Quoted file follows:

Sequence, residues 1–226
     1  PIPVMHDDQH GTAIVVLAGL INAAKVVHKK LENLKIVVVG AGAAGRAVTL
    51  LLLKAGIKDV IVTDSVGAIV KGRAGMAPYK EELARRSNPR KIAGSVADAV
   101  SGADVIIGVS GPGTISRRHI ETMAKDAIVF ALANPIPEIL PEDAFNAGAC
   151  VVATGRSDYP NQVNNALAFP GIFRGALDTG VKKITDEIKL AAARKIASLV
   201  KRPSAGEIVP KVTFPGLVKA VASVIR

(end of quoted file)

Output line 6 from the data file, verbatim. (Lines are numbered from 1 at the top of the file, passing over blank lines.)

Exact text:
   201  KRPSAGEIVP KVTFPGLVKA VASVIR